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CAI-2013-15
UNITED STATES
DEPARTMENT OF LABOR
MINE SAFETY AND HEALTH ADMINISTRATION

COAL MINE SAFETY AND HEALTH

REPORT OF INVESTIGATION

Underground coal mine

Fatal Machinery Accident
October 04, 2013


McElroy Mine
McElroy Coal Company
Moundsville, Marshall County, WV
I.D. No. 46-01437


Accident Investigators

Jan B. Lyall
Mine Safety and Health Specialist-Roof Control

William McLane
Mine Safety and Health Specialist-Electrical


Origination Office
Mine Safety and Health Administration
District 3
604 Cheat Road Morgantown, West Virginia 26505


Carlos T. Mosley, Acting District Manager



OVERVIEW

On Friday, October 4, 2013 Roger King, a 62-year old, Chief Longwall Maintenance Coordinator, was supervising the installation of conveyor chain on the 8-B longwall set up face.   A battery- powered scoop was being used in conjunction with a sheave wheel (snatch block) with a hook and wire rope to pull the face conveyor chain across the longwall face towards the tailgate.  As the scoop travelled toward the headgate (batteries first), pulling conveyor chain in the panline along the longwall face, the conveyor the chain became fouled, putting tension on the wire rope.  King entered the panline near the tailgate and walked along the face towards the headgate.   When the brakes on the scoop were released, the snatch block attachment came loose from its anchoring point.  The wire rope and snatch block were propelled approximately 23 feet, striking  King behind the head, causing fatal injuries.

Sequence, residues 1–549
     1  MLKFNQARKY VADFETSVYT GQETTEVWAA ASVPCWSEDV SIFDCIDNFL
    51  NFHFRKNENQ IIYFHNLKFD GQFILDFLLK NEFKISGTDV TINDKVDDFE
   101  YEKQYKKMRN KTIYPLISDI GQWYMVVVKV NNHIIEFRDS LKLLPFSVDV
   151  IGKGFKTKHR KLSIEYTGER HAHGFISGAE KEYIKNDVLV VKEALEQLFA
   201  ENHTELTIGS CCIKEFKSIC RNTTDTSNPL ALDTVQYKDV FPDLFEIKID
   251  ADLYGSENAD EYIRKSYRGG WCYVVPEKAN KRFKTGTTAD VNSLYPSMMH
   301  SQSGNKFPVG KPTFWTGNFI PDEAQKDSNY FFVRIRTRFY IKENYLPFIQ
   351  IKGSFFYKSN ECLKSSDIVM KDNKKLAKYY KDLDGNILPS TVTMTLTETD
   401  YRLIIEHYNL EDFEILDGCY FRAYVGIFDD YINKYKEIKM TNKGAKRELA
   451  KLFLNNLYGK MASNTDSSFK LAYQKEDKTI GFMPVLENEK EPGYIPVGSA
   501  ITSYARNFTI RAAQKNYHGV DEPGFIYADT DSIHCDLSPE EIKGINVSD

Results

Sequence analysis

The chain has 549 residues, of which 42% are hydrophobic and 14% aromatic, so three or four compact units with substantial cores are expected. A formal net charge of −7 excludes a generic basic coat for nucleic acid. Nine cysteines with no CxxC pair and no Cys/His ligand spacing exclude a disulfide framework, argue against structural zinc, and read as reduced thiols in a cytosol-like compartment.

GENERAL INFORMATION

The McElroy Mine is located in Marshall County, West Virginia.  At the time of the accident, the mine was owned by McElroy Coal Company, a subsidiary of Consol Energy Inc.  The mine is now owned by Murray Energy, Inc.  The mine accesses the Pittsburg No. 8 coal seam by two slopes and four portals: the Fish Creek Portal located near the supply slope, the Blake’s Ridge Portal, the Grapevine Portal, and the Cameron Portal which is the newest and closest to active sections and used by the majority of miners.